Writer/Director Matt Ross on Captain Fantastic
Matt Ross is best known as an actor; besides dozens of films on his resume, he’s currently winning laughs and legions fans as narcissistic CEO Gavin Belson in the HBO comedy series Silicon Valley. Before that, Ross was a standout on HBO’s Big Love, playing Alby Grant, the creepy son of the polygamist cult leader played by Harry Dean Stanton.
A Juilliard School graduate, Ross made his feature film debut at the 2013 Sundance Film Festival with 28 Hotel Rooms.
It was while editing that film that he starting writing Captain Fantastic, which stars Viggo Mortensen as eccentric but devoted father Ben Cash who’s raising his six kids in the woods of the Pacific Northwest, imparting survival skills including hunting and intellectual curiosity to his children. A family tragedy forces them to reenter a modern society full of iPhones, video games and chicken that’s bought already dead and cooked. The film then becomes a culture clash dramedy in which Ben’s ideals and choices are questioned by everyone, including himself. The story draws on Ross’s own nomadic childhood and his experience as a father in the age of over-parenting.
Captain Fantastic earned Ross, 46, “directing prize of Un Certain Regard” at this year’s Cannes Film Festival and reportedly got a near 10-minute standing ovation.
The Credits spoke to Ross at the Provincetown International Film Festival which opened with Captain Fantastic.
What was it like for you not only to be at Cannes with Captain Fantastic but to win a directing award?
I suppose it was a surprise to get in Cannes. There are a few films that go from Sundance [where Captain Fantastic premiered] but they tend to be in Director’s Fortnight. I was surprise and very honored to be in Un Certain Regard. … I was with my wife and two kids and we’d gone after the screening to Paris. We got a call at noon and [the caller said] ‘can you get on a three o’clock flight and come back to Nice? We think you might win something.’ So we ran back to the hotel and packed… It was like a bad movie; we’re rushing to the airport; we get on plane; get to hotel; put on our tuxes and gowns; we rush out; we have 15 minutes to get there and we’re in so much traffic we have to jump out and literally run to the ceremony; my wife and two kids, running through the streets, dodging cars, sweating …
I honestly assumed and hoped Viggo was winning … I want to be clear that I think competition among artists is absurd; it’s not a foot race; it’s completely subjective. Having said that, I was deeply honored. To win was shocking and maybe one of the best experiences of my life.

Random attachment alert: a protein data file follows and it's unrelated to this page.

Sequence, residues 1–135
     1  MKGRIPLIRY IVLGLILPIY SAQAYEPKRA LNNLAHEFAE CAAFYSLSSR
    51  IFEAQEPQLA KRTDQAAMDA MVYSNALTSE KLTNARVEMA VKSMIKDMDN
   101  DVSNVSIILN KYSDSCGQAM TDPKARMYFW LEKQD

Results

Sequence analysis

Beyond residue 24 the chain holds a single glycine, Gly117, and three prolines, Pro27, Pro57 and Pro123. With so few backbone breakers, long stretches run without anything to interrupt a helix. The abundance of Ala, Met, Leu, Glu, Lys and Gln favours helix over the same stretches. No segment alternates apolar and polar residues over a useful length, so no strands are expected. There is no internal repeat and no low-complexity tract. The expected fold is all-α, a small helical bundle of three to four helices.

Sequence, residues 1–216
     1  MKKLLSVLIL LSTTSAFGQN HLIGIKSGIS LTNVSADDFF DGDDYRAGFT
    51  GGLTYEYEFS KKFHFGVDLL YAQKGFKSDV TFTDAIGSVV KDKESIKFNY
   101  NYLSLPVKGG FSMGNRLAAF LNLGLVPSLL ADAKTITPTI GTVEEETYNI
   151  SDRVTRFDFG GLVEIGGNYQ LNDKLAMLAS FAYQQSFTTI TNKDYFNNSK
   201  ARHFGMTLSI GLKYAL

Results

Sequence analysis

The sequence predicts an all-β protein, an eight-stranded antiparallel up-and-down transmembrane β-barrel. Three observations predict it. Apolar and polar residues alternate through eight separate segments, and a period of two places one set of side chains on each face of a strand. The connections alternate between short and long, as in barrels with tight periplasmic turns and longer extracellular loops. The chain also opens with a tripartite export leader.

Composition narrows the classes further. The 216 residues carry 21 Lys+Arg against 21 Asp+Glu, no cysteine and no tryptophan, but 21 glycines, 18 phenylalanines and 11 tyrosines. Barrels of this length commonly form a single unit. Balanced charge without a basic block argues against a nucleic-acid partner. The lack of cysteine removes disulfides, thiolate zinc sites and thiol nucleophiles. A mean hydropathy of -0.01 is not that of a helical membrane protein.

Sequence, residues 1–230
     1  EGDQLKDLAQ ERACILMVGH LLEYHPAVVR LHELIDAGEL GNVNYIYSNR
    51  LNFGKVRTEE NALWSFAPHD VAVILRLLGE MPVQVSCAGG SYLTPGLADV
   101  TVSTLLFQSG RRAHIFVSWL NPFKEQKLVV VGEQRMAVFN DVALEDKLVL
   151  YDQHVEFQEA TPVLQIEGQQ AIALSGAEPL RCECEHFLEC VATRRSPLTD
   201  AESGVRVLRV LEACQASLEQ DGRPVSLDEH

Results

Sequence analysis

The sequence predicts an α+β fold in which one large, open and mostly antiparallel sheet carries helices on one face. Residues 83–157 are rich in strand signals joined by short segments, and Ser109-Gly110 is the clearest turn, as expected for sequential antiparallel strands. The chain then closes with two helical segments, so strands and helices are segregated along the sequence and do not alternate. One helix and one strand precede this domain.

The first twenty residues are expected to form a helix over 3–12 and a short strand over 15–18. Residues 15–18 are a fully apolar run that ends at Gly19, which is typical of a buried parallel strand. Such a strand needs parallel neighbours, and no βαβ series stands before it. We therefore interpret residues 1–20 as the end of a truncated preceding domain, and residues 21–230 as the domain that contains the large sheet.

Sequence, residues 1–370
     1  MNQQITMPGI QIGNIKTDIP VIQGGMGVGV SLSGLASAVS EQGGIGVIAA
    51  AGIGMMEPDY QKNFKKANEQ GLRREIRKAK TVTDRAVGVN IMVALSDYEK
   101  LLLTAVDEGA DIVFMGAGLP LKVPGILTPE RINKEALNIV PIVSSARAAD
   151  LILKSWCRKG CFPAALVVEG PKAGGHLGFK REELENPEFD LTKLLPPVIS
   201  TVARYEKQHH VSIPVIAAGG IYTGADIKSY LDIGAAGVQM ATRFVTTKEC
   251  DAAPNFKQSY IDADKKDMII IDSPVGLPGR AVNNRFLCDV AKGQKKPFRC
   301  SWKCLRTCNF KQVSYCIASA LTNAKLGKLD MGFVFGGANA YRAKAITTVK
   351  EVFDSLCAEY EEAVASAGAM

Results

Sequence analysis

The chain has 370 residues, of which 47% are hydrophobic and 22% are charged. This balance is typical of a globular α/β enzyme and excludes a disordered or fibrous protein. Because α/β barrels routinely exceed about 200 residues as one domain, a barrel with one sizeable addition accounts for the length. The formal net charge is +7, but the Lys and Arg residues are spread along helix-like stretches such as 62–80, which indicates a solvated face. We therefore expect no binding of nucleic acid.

Where did the idea for the film come from?
I have two children, a daughter who’s 13 and a son who’s 9.
I was thinking about parenthood, about fatherhood. My wife and I don’t always agree, we argue a lot about how we want to raise our kids and we compromise. I was thinking of friends, people I love dearly, and seeing the choices they were making: some I thought admirable; others I found appalling. … I started to put all these questions into the form of a narrative. I think in some ways Ben Cash is aspirational … is it possible to devote your existence to your children’s education and upbringing?
You were raised in an unconventional household?
I grew up mostly in Oregon. I had a nomadic childhood. My mother started some alternative living communities — not hippie communes; it was the ‘80s, not the ‘60s — but they were people who wanted to live what we now call ‘off the grid,’ in harmony with nature. [There were] a lot were artists artisans, weavers… Sometimes they bought land communally; some houses had electricity and plumbing, some didn’t.
How did you come to cast Viggo Mortensen, who’s so great in this role?
Viggo is an extraordinary human being; he’s a writer, a painter, a photographer, a poet and I’ve come to know him and think of him as a friend now. I didn’t know him [before]; I just offered him the script. He had many, many questions, pages of fact-checking and ideas of ways that the narrative could go … the authenticity of the compound in the movie was very important to Viggo and to me and to our production designer Russell Barnes. We made sure questions were answered: what’s [the family’s] water source? We show how they get and purify water. You see their shelter; you see them smoking fish, eating venison, canning and jarring. You see an outhouse. Those questions needed to be answered.
You’ve had such success as an actor. Will you continue to act or will do more directing?
I grew up making short films and acting at the same time so there was no real transition to directing. … I was making money as an actor — I don’t come from money so I took the money I made and put it into films. Being an actor is more visible so if people know me at all, they know me as an actor and I’ve been doing both my whole life. I’ve had to support myself and filmmaking takes longer and has been bumpier. We’ll see what happens going forward. I am happy to be invited to other people’s parties but it’s not the same thing, they’re not my stories. … People are offering me things to direct and I could be in production now, but I want to write [the scripts] and that’s a lot slower. I will continue to act… I enjoy the process, the problem-solving. But it’s facilitating someone else’s idea, not mine.